We all binge eat at some points in our life. Binge eating simply means consuming a very large quantity of food often without even realizing it, and don’t worry, just because you have done this doesn’t mean that you have an eating disorder. Probably you did it without any feelings of blame or shame about yourself afterwards, and while it may not be perfect for your body it’s probably not causing any major problems either. However, if you find yourself keeping doing it over and over again, for example regularly for several months, then you may need to seek help.
Eating disorders are a category of mental health disorder and include anorexia, bulimia and binge eating disorders. Anorexia nervosa and bulimia nervosa have some similarities yet are two quite different eating disorders. Anorexia can affect people of different shapes, gender and socioeconomic status. An individual is considered anorexic if their BMI (body mass index) falls below 18.5 and especially if they have a poor body image which causes them to see themself as overweight even though they are in fact considerably underweight. They forcefully restrict their calorie intake or completely avoid the intake of food for longer periods of time. They may also experience binge and purge cycles in which they consume large quantities of food — mainly unhealthy, non nutritious foods — and then purge by using laxatives, diuretics, vomiting or even other means such as excessive exercise or fasting. Anorexic individuals are extremely fearful about gaining weight and they think that they are simply removing the calories that they see as causing them harm. Anorexia nervosa actually has a very high risk of fatality because of how it causes the body to be both dangerously underweight and at the same time malnourished due to starvation. Some of the many symptoms include electrolyte disturbances, losing bone density, anemia, amenorrhea, low blood pressure, low heart rate and muscle loss. Therapy is the most recommended treatment to help the patient.
In bulimia nervosa the individual has a normal or even higher than normal BMI and yet they binge eat and then try to compensate with purge by the same methods described above — force vomiting, fasting, over exercising, diuretics and laxatives. They may have symptoms of severe dehydration, electrolyte imbalances, sensitive teeth, intestinal distress, acid reflux disorder and a chronically inflamed sore throat. The recommended treatment is normally a combination of anti-depression medication and/or psychotherapy.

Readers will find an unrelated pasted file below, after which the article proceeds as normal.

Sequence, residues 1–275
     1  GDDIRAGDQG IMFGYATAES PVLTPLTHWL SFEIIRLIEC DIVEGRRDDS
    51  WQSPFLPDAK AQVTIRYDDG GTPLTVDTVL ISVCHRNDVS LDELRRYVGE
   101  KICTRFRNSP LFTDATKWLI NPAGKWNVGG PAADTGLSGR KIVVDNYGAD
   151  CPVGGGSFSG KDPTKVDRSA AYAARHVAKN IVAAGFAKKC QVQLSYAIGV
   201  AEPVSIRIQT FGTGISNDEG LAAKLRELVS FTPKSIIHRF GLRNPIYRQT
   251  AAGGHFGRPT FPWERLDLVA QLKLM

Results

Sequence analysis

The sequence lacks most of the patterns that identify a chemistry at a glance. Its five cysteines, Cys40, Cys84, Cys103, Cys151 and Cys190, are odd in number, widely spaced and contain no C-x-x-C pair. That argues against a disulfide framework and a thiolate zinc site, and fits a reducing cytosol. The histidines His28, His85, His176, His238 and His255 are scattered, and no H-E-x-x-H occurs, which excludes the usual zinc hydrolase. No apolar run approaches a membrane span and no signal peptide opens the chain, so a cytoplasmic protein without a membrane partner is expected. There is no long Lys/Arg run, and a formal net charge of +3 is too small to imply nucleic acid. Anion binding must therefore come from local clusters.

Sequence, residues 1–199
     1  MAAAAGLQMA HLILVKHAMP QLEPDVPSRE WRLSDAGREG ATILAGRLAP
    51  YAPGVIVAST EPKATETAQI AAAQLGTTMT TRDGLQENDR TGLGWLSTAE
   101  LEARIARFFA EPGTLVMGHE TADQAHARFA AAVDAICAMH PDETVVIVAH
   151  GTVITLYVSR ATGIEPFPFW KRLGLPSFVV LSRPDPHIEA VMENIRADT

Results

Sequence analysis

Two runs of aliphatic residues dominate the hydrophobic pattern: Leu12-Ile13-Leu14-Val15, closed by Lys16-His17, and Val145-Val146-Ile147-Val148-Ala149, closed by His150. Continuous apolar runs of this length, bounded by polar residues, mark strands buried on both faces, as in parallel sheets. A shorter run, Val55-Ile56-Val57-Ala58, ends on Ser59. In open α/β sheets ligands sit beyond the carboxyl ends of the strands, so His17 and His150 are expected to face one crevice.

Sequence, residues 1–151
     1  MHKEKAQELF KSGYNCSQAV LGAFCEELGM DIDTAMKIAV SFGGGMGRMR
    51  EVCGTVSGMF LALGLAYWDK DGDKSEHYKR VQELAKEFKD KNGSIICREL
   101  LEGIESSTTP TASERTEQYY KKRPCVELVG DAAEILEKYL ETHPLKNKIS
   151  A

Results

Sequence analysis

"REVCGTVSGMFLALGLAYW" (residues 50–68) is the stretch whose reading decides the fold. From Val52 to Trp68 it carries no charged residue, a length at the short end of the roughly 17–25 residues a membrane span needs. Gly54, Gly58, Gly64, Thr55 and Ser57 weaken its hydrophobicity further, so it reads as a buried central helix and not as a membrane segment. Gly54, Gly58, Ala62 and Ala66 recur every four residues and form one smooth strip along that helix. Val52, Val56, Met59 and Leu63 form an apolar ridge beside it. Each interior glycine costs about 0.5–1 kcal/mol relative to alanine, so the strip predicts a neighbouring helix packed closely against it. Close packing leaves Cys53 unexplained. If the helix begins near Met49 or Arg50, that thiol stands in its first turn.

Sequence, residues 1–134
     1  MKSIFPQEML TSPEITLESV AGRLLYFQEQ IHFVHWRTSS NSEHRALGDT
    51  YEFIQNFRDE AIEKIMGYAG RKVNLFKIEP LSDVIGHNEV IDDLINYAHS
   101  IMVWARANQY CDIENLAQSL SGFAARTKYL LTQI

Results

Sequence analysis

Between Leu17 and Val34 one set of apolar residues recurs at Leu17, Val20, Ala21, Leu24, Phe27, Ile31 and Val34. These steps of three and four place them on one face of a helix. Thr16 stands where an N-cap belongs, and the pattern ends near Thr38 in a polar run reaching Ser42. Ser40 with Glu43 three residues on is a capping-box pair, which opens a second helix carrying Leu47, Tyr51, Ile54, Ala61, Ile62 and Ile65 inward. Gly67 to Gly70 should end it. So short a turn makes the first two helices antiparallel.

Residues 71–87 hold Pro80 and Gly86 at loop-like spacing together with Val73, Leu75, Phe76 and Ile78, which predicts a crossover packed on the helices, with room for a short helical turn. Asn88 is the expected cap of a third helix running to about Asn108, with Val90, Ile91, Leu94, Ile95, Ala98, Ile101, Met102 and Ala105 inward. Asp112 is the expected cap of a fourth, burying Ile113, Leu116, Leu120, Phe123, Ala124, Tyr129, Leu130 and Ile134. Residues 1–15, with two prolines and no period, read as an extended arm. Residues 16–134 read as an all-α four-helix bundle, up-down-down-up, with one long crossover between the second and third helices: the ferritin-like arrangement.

It is not possible to suffer from both anorexia and bulimia at the same time. The symptoms are very similar so it would be easy to diagnose a patient with either one, but it is the body weight to height ratio (BMI) that determines which one is diagnosed.
The preferred treatment is in most cases therapy. Research shows, however, that the family environment plays an important role in the development and treatment of both of these disorders so when therapy is performed it is helpful for the whole family to receive counseling so that not only the individual learns how to change their behavior but the family also learns what they need to do to provide a more nurturing environment that will help them and not relapse.
With both of these conditions it really is critical that the individual seeks treatment and asks for help, otherwise they are risking serious health problem later in your life. Asking for help is not a weakness. Although, do remember that our body image is only one aspect of our life and being healthy is a combination of everything — eating a whole foods based diet, surrounding ourself with the correct community, good relationships with our family and friends, and exercising regularly.
Seager, Slabaugh, and Hansen (2018). Chemistry for Today: General, Organic, and Biochemisty, 9th edition.
NIMH Information Resource Center (December 2021). Eating Disorders. https://www.nimh.nih.gov/health/topics/eating-disorders